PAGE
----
19 Oct 2007
HST Program and Department of Physics
In the process of protein-DNA recognition, a transcription factor (TF) rapidly searches for its specific site on a long DNA molecule and then strongly binds to this site. I will discuss mechanisms that can provide both a fast search and high stability of the protein-DNA complex.
We revisit previously-proposed models of the TF search process and use experimental measurements to show that the search process is quite slow, unless there is a large copy number of the TF or co-localization of the transcription factor with its binding site. Through a bioinformatics study, we show that this biophysical constraint may shape the organization of prokaryotic genomes.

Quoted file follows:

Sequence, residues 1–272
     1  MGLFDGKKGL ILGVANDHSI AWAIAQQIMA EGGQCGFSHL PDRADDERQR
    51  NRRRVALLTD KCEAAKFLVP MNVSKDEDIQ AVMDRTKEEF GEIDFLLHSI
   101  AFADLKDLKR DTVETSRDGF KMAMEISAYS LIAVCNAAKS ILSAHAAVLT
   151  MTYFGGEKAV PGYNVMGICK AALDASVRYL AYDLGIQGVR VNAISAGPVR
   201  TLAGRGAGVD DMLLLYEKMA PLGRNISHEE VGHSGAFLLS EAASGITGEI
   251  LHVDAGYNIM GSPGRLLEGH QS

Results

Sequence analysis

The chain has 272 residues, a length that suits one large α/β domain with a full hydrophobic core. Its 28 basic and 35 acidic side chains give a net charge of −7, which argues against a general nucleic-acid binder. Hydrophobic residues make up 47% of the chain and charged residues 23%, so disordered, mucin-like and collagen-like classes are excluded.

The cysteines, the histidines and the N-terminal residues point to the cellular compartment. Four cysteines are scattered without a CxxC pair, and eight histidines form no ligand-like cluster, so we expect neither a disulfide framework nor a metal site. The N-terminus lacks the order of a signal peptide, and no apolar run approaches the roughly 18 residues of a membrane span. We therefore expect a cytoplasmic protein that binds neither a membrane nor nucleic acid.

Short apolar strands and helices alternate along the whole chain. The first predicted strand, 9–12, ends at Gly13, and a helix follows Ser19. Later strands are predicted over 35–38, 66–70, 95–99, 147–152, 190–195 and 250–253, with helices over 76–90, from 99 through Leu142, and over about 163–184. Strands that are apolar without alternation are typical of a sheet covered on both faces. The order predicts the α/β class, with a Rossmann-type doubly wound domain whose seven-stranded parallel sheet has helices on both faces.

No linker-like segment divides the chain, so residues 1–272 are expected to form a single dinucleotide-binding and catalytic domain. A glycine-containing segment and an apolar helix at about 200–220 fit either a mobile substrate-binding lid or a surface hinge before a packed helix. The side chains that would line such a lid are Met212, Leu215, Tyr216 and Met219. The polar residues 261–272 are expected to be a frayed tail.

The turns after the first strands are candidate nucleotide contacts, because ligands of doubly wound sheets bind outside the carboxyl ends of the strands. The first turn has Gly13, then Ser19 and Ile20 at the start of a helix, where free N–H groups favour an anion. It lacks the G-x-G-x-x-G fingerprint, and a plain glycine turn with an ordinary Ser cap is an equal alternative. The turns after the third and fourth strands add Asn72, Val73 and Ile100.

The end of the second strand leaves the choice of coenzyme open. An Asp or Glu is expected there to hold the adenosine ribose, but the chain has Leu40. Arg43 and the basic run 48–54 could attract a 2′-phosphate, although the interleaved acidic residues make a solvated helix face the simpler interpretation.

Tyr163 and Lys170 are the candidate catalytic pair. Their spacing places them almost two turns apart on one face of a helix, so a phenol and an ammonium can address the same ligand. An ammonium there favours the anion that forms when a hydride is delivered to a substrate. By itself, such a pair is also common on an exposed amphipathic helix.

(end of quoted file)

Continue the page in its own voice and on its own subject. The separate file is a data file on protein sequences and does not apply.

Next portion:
Next, I will use recent biochemical and genomics data to argue that eukaryotic TFs are deficient in their specificity. I will demonstrate that DNA chromatization can not only hamper the process of protein-DNA recognition, but can also provide a mechanism for faster search and more specific binding.
current theory lunch schedule